Disclaimer: I’ve never been the President or Prime Minister of Iraq. If Iraq were to reestablish a monarchy, I wouldn’t have a chance at being king. So I can’t really say what’s going on in Nuri al Maliki’s mind. But if I were him, there is no way that I would ever, ever, resign. Because I know what Maliki knows: terrible things happen to the leaders of Iraq when they lose power.

Saddam-Hussein-exe_2511167bYou probably think I mean Saddam. He got off relatively easy. Sure, he was taunted, then hanged, and then his dead body shown on TV.  And yes, cell phone footage of the hanging went viral. But he was spared the indignity of his half-brother’s execution a month later, which accidentally turned into a decapitation (oops). I wonder if Saddam ever wished he could have died in a firefight like his sons, who left marginally better looking corpses when they too were shown on TV (don’t click the link if you’re eating).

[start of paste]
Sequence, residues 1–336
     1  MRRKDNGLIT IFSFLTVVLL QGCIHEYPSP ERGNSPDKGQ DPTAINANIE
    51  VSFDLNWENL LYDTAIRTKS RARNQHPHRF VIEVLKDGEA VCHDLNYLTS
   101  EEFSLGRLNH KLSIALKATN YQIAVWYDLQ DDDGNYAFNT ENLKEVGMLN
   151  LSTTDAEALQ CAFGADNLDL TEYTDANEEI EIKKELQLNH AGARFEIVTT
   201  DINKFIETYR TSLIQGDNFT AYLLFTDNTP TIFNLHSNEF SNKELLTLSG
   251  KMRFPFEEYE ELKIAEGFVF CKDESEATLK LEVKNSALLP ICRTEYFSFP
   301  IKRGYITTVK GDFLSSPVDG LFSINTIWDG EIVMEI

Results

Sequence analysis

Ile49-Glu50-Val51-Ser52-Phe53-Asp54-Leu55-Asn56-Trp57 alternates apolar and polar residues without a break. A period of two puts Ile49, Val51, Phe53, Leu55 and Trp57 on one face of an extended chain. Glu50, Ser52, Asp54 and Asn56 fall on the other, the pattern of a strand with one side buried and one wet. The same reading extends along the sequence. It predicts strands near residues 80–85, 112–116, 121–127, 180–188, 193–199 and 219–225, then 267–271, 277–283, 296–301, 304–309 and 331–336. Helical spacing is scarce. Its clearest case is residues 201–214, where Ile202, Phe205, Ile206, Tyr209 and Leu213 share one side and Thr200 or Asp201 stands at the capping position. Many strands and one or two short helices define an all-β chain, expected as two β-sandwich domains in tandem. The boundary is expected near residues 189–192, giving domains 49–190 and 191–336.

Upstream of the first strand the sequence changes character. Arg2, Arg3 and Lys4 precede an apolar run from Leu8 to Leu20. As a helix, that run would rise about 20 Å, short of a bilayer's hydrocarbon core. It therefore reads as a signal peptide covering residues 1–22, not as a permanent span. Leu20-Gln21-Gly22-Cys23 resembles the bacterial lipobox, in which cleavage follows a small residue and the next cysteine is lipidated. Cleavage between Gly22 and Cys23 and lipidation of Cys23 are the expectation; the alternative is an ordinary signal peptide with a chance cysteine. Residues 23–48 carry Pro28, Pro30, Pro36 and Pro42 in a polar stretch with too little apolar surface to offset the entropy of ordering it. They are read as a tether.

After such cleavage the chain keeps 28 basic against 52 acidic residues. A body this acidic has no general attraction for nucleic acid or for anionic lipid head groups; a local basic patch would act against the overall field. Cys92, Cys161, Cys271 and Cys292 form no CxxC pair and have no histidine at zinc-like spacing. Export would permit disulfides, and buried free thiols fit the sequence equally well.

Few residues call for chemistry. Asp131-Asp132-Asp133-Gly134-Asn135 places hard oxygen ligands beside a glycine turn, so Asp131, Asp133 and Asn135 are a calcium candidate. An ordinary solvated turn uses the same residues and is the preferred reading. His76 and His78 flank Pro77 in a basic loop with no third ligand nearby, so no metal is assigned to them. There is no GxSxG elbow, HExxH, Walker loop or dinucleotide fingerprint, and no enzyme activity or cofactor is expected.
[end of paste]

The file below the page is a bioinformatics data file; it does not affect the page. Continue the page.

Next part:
Here’s the thing Maliki must be thinking about: if I resign, I am going to die a painful death?  A painful death followed by the indignity of my mangled body being displayed on TV? There’s a strong precedent for this: Abd al-Karim Qasim, who led the revolution against the Iraqi monarchy in 1958 was executed by a firing squad following a coup in 1963. His body ended up in  a television studio, which broadcast footage of his body for hours. Here’s a fun fact: there’s pretty good evidence that the CIA supported Qasim’s overthrow, and wanted him assassinated as early as 1959 – when they enlisted the help of a bumbling thug named – you guessed it – Saddam Hussein. Saddam screwed it up, but he earned a “use chemical weapons free” card from the US, which he cashed in against Iran decades later.  Meanwhile, the US decided to support Qasim for awhile because he was anti-Nasser, and we hated Nasser even more in the early 1960s.